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Homogenous Detonation of High Explosive by High Intensity Non-Coherent Radiation

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Home / Mission / Site-Directed Research and Development / FY 2023 SDRD Annual Report Index / Homogenous Detonation of High Explosive by High Intensity Non-Coherent Radiation

Project # 23-070 | Year 1 of 3

Thomas Myers, Chris Kayda, Eric Larson, Brandon La Lone, Jason Mance, Matt Staska, Gerald Stevens, Dale Turley, Ruben Valencia

Special Technologies Lab (STL)
This work was done by Mission Support and Test Services, LLC, under Contract No. DE-NA0003624 with the U.S. Department of Energy, the NNSA Office of Defense Programs, and supported by the Site-Directed Research and Development Program. DOE/NV/03624–1934.

Abstract

This project sought to develop a homogenous explosive drive by combing a shocked xenon light source with a liquid binary explosive mixture. The development of the shocked xenon light source was successful and sustained a blackbody temperature of at least 25,000 K for 15 microseconds but was unable to detonate mixtures of concentrated nitric acid with various organic fuels. While reported to have extreme sensitivity towards shock, impact, and heat, liquid explosive mixtures of nitric acid and fuels failed to detonate even when shocked with a conventional exploding bridgewire detonator. In light of this, other explosives were investigated, and while the conventional secondary explosive pentaerythritol tetranitrate (PETN) could not be optically detonated with a shocked xenon light source, the experimental primary explosive DBX-1 was successfully detonated. However, due to the limitations on contact work with primary explosives, continuation of this success at the Nevada National Security Sites (NNSS) is not possible at this time. Additionally, this project developed several new capabilities that have benefited multiple NA-10, NA-20 and Site-Directed Research and Development (SDRD) funded projects including an optically/radio frequency (RF) transparent explosive containment vessel and the safety basis to perform high hazard small scale explosive operations.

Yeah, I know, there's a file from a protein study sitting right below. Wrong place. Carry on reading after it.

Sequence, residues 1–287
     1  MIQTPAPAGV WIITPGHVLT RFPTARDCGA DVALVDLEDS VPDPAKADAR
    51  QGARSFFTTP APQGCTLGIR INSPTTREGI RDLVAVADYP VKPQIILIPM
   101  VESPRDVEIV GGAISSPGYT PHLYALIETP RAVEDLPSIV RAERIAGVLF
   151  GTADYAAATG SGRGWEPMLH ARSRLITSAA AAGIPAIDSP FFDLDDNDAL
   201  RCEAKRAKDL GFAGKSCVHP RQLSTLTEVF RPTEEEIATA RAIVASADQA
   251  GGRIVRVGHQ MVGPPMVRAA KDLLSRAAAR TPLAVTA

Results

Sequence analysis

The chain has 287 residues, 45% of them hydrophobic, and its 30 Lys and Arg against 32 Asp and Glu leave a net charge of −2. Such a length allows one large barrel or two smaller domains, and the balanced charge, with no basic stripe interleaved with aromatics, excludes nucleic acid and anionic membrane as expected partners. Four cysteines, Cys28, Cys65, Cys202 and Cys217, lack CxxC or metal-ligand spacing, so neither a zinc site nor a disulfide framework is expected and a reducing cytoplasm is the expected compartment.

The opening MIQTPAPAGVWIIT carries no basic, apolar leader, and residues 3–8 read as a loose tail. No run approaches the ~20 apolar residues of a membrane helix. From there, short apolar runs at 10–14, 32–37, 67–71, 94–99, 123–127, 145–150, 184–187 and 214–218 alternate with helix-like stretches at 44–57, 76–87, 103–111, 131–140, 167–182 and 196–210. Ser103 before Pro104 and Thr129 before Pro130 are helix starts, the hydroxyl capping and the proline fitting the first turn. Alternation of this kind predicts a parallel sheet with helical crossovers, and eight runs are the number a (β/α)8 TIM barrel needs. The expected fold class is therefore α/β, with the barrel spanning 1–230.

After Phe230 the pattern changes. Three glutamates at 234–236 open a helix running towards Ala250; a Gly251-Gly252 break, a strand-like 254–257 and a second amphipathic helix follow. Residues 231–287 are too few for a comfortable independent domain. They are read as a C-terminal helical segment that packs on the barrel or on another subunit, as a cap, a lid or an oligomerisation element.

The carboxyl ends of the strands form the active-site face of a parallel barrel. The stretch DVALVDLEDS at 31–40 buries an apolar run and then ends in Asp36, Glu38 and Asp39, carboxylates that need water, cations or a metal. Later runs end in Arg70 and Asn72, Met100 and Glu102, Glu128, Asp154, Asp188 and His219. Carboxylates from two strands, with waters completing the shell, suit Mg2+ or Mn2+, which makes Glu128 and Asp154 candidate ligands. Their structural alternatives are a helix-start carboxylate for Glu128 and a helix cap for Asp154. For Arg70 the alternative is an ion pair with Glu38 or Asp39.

Background

Experiments requiring planar explosive drives rely on the use of explosive lenses. Typically, a low detonation velocity explosive is encased within a high detonation velocity explosive such that when initiated from a common point, the shock waves arrive simultaneously at the output plane. Alternatively, inert wave shapers can be embedded in explosive charges to generate similar planar shock outputs. While these methods are successful at generating an initially planar shock, the pressure waves behind the shock are non-uniform and the symmetry is broken. Additionally, these approaches often require more than 1 kg of total high explosive and precision machining of multiple explosive parts, making them too costly and complex for laboratory scale shock physics experiments.

More recently, alternative approaches have been taken to reduce the mass of explosive required while also improving the performance of the system. Specifically, 3D-printed explosives and wave shapers have been employed with some success to generate small planar shock waves utilizing far lower explosive masses. However, voids and irregularities in the cast explosive utilized led to a breakdown of the shockwave planarity.

Alternatively, explosives initiated with light may provide several advantages over conventional explosive drives. Light is capable of heating and initiating the entire surface of an explosive charge nearly simultaneously. This allows for true 1D shocks to be achieved where both the arrival of the shock front and the pressure profile behind it are uniform across the entire charge. Several different explosive materials have been shown to detonate under laser irradiation including PETN and several primary explosives. While lasers are effective means of initiation, they are difficult to scale to larger geometries due to the cost and complexity of generating higher energy laser pulses. In contrast, incoherent light sources such as flashlamps are more easily scaled. There are a few reports of incoherent light being used for detonation of the most sensitive primary explosives, but the extreme sensitivity and exotic nature of the primary explosives involved limits the utility of this approach.

Technical Approach

To avoid the danger of contact operations with primary explosives, this project investigated liquid binary explosives. Specifically, mixtures of concentrated nitric acid with fuels such as nitromethane and nitrobenzene have been reported to have extreme sensitivity to external stimuli (impact, spark, heat, etc.), small critical diameters, and greatly enhanced shock sensitivity. These mixtures can be remotely mixed to avoid the need for contact operations as well as rendered inert through dilution with water. Paired with a bright incoherent light source, these liquid binary explosive mixtures should provide an ideal explosive for optical initiation.

To generate high power bursts of incoherent light, this project selected shocked xenon light sources. When shock waves pass through noble gases such as argon or xenon, the gases are compressively heated to extremely high temperatures and emit intense blackbody radiation in the visible and ultraviolet regions of the spectrum. The intensity and duration of the light is dependent on the composition, mass, and geometry of the explosive charge providing the shock. The simplicity and unmatched light output from these light sources made them ideal candidates for optical initiation of liquid binary explosive mixtures.